RALEIGH, N.C. — Gov. Roy Cooper issued an abatement order on Ace Speedway Friday to immediately close the racetrack, according to a release from the North Carolina Department of Health and Human Services.
"The Speedway’s recent actions constitute an imminent hazard for the spread of COVID-19, an acute threat to North Carolinians which must not continue," NCDHHS officials said in a release.
The order follows a letter sent Thursday by Cooper's office alerting ACE Speedway that their actions were in "open defiance" of his Phase 2 executive order, which limits mass gatherings to no more than 25 people. In the letter, Cooper requested for Alamance County Sheriff Terry Johnson to enforce the order. However, Ace Speedway held a race event with thousands of spectators two days later. The racetrack said the event was a "peaceful protest of injustice and inequality everywhere."
Sheriff Johnson said he didn't enforce the order after learning that other racing events were happening in the state.
"I have found through research and contacts with other sheriffs in the state, that numerous speedways and go-cart tracks ran this weekend in North Carolina with no action being taken on those owners or even warnings given. This concerns me greatly to know that my citizens have basically been singled out for the same alleged violations that are occurring all over the State of North Carolina," Johnson said in a statement.
The release from NCDHHS reads that Ace Speedway admitted more than 2,500 - and possibly as many as 4,000 - on May 23, May 30, and June 6.
"The risk of contracting and transmitting COVID-19 is higher in settings where people gather, share facilities, or have increased respiratory efforts, such as cheering," NCDHHS officials said.
An Abatement Order halts operations, but still allows Ace Speedway to come up with a plan to have races, as long as mass gathering rules are followed and social distancing precautions are in place. At the race on Saturday, Ace Speedway was checking temperatures at the gate.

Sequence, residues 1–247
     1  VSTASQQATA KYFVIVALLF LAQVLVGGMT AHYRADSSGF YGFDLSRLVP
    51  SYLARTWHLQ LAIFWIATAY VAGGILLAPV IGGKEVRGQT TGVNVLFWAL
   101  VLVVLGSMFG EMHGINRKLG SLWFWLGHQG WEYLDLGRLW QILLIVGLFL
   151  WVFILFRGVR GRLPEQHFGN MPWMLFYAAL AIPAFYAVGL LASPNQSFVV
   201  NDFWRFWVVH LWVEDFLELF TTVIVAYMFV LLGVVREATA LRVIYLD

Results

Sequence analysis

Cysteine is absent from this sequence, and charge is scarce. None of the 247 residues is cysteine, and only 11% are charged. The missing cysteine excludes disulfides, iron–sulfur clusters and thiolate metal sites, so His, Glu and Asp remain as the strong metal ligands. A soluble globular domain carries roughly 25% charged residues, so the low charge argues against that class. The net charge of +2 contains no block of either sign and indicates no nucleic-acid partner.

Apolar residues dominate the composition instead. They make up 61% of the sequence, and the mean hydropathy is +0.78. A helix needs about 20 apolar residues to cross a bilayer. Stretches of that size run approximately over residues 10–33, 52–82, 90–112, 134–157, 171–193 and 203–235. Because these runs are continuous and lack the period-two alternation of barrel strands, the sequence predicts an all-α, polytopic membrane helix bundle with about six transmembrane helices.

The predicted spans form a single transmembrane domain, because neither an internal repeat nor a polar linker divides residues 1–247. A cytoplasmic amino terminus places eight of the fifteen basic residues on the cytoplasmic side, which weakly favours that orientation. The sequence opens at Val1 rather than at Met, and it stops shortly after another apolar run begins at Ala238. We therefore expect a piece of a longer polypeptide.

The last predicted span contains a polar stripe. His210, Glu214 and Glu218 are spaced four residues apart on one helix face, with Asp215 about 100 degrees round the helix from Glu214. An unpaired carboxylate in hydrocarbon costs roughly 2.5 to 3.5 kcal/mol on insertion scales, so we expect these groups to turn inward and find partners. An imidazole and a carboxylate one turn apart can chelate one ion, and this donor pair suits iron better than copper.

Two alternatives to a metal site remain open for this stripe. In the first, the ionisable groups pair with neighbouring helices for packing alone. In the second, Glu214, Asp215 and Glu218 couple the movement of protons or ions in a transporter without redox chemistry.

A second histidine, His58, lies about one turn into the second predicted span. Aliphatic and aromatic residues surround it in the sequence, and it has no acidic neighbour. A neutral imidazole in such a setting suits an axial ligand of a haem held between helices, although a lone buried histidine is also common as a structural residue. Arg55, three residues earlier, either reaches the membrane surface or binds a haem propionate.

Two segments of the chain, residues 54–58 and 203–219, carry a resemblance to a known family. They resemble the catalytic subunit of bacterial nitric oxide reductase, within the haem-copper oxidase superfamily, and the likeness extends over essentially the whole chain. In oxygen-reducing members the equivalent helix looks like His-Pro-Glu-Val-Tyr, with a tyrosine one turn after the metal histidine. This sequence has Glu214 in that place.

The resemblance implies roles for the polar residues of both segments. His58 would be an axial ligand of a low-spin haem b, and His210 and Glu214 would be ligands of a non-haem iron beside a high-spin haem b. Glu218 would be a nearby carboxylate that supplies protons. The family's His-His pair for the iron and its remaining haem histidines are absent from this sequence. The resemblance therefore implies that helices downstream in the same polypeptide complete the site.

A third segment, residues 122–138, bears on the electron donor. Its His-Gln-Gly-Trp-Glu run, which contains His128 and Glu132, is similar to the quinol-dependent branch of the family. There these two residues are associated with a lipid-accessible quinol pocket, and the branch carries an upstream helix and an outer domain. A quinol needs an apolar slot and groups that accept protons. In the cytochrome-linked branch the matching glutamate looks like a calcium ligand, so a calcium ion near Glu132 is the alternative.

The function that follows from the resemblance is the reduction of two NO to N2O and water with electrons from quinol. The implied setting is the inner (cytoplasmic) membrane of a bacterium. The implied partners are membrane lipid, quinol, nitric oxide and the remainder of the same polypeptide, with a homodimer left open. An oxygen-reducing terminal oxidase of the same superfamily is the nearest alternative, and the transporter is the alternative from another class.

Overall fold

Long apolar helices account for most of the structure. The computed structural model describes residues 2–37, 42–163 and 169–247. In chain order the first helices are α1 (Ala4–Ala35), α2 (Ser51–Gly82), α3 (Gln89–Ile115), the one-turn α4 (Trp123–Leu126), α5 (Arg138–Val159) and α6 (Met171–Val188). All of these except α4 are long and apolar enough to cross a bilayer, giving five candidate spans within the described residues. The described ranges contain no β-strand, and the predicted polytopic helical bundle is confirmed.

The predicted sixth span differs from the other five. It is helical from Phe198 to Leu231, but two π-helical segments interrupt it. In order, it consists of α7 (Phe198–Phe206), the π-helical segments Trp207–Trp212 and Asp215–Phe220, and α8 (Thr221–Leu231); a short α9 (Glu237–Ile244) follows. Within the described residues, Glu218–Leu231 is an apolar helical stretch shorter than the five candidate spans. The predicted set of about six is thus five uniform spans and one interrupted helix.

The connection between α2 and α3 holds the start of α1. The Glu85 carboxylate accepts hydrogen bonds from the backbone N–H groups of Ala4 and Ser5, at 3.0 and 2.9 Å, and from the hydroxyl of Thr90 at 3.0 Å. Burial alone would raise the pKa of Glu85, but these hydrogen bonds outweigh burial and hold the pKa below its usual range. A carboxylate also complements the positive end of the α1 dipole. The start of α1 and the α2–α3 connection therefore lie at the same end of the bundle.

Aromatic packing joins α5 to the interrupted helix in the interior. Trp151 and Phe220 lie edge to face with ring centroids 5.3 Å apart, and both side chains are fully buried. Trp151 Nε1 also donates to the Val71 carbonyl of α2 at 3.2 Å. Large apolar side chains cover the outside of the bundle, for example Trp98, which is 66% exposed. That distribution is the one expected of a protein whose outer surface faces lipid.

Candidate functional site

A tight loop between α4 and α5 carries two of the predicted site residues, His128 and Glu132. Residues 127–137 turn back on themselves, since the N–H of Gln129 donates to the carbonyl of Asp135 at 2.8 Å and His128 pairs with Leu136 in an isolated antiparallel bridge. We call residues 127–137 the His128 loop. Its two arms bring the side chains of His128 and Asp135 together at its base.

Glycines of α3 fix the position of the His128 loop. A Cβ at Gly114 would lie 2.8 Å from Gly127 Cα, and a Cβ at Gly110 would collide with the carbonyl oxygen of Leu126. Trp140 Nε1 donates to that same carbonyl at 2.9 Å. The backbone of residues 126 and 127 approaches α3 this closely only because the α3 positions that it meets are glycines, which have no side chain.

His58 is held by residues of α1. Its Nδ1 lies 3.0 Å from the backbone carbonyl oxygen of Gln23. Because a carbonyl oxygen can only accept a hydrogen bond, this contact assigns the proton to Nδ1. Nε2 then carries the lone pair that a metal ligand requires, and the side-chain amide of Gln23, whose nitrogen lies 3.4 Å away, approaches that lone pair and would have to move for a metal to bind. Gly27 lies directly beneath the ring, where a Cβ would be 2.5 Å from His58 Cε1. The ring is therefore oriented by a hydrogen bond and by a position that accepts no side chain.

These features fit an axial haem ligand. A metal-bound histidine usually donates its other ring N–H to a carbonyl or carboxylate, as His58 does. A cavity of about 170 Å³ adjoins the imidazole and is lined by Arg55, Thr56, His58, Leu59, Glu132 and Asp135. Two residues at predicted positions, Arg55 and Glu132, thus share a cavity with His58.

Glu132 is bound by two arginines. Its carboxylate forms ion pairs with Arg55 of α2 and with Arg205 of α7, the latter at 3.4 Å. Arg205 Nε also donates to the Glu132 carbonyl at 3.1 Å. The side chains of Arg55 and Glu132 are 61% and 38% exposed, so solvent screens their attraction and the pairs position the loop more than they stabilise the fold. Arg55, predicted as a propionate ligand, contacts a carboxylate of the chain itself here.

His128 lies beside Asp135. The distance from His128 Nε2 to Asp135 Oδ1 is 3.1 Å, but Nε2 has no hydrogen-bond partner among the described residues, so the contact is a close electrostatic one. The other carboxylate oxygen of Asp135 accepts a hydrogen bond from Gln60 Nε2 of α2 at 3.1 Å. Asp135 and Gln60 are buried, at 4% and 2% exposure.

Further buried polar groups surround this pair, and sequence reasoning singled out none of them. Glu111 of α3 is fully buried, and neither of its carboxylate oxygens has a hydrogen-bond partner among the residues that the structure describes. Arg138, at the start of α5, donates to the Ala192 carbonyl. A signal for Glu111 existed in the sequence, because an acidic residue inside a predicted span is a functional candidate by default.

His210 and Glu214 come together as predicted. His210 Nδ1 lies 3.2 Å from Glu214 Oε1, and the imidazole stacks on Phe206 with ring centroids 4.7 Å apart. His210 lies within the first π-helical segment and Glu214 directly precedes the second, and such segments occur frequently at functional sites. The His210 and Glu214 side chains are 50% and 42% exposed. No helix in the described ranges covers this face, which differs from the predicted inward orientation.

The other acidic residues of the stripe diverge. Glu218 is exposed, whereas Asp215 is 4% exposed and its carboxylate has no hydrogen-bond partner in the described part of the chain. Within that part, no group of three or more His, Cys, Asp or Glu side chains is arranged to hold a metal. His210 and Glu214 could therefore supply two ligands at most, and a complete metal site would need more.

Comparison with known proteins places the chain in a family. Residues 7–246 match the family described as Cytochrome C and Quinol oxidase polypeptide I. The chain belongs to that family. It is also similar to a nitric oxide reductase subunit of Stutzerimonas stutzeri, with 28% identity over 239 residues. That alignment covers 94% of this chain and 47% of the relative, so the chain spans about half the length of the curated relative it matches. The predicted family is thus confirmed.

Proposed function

NCDHHS officials said Alamance County has had an increasing trend in the number of cases since the start of the pandemic with larger increases in the number of cases since the last week of April.
"The doubling time for the outbreak in Alamance reached a maximum of 19.7 days in the last week of May, and decreased to 13.6 days in early June, indicating that viral spread is becoming more rapid," the release read.
“Across the state, North Carolinians are making huge sacrifices to protect their families and neighbors. This virus is highly contagious and very dangerous. Bad actors who flagrantly violate public health orders put all of our families and loved ones at risk,” said NCDHHS Secretary Mandy Cohen.
Cooper is urging anyone who has attended a mass event recently to get tested for COVID-19. The following online resources can help.
- Visit Check My Symptoms (www.ncdhhs.gov/symptoms) and enter your symptoms to determine if you should consider getting tested for COVID-19. If a test is recommended, you will receive a link to a list of nearby testing sites via email or text.
- Visit Find My Testing Place (www.ncdhhs.gov/TestingPlace) and enter your county or ZIP code to access a list of nearby testing site locations online.